Anxiety in and of itself is not a bad thing.
It’s an adaptive response that signals potential danger and can lead to preparation and better decisions. For instance, anxiety over a difficult exam may cause you to study harder.
Excessive anxiety, however, is maladaptive: in this case, anxiety is either out of proportion to the situation, or it may be there when no danger is present at all.
Traditional treatments for anxiety include benzodiazepines, SSRIs and SNRIs, and other antidepressants. These drugs mediate either neurotransmitters or neurotransmitter receptors in the brain. Think of a neurotransmitter and its receptor as a lock and key, respectively. Without the lock (the receptor), the key (the neurotransmitter) cannot perform its function.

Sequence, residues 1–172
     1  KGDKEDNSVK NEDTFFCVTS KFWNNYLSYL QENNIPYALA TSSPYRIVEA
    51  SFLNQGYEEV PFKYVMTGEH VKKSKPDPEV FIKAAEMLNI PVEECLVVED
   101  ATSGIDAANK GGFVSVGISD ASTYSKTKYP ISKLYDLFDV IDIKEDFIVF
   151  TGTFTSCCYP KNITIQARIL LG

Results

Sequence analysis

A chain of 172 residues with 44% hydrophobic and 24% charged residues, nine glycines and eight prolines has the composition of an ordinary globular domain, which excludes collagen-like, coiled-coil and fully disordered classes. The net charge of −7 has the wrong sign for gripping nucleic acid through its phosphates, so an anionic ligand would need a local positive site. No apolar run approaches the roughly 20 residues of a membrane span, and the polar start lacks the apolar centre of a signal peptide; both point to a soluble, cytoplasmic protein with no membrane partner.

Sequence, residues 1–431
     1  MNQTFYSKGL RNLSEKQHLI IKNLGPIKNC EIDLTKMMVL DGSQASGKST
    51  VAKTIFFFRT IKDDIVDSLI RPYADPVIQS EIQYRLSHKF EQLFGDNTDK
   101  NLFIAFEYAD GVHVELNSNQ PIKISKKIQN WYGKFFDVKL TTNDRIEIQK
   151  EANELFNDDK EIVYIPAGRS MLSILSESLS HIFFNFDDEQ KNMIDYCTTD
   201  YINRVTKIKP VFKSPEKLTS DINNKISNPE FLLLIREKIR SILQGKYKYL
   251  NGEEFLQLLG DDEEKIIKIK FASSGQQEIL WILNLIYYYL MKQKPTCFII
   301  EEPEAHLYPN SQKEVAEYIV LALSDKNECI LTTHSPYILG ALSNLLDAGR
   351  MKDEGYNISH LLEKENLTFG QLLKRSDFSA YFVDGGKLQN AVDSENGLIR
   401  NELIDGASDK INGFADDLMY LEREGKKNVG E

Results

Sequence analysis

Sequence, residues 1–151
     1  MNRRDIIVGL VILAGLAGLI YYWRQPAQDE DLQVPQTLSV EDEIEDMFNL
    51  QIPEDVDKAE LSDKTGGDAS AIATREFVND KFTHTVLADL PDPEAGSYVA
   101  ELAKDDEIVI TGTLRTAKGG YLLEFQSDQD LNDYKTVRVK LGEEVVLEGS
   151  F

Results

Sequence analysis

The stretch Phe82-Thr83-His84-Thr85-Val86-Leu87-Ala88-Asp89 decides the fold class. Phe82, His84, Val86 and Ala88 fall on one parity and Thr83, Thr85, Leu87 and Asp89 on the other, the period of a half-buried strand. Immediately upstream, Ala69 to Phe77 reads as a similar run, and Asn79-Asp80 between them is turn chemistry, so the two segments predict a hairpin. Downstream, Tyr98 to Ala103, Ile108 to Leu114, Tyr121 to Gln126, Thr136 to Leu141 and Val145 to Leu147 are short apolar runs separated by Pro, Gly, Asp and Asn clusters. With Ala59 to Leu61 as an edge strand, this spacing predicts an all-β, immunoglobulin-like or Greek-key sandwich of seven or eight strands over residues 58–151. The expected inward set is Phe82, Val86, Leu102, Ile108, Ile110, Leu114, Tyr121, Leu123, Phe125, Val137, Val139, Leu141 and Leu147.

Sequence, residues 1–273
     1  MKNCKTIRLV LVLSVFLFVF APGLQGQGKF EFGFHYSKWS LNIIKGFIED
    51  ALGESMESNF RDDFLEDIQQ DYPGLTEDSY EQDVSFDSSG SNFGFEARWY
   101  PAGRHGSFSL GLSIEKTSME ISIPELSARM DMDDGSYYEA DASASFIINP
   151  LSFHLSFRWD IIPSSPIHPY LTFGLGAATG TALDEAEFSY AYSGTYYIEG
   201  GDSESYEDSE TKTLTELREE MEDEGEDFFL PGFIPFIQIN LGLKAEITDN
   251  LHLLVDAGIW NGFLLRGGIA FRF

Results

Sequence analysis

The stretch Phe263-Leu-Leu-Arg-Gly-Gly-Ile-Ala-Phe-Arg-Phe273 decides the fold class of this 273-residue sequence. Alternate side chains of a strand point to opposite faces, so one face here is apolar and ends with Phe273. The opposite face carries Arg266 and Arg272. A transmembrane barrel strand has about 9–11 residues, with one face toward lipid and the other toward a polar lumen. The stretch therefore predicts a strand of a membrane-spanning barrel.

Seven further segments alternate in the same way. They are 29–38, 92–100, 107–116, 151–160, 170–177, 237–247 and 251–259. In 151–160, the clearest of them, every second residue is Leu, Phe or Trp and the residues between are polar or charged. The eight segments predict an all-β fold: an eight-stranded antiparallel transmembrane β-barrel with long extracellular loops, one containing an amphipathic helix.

These medications have their places and can be helpful, but they also have their share of side effects and cautions, as you probably know if you’ve been on them for any length of time. SSRIs (Selective Serotonin Reuptake Inhibitors, including Paxil, Lexapro, Zoloft, Prozac, etc) can significantly impact sleep, digestion, and sexual function. Benzodiazepines (such as Lorazepam) are very addictive and can be dangerous in combination with other medications. Some anti-anxiety medications can even increase the incidence of anxiety itself for certain patients.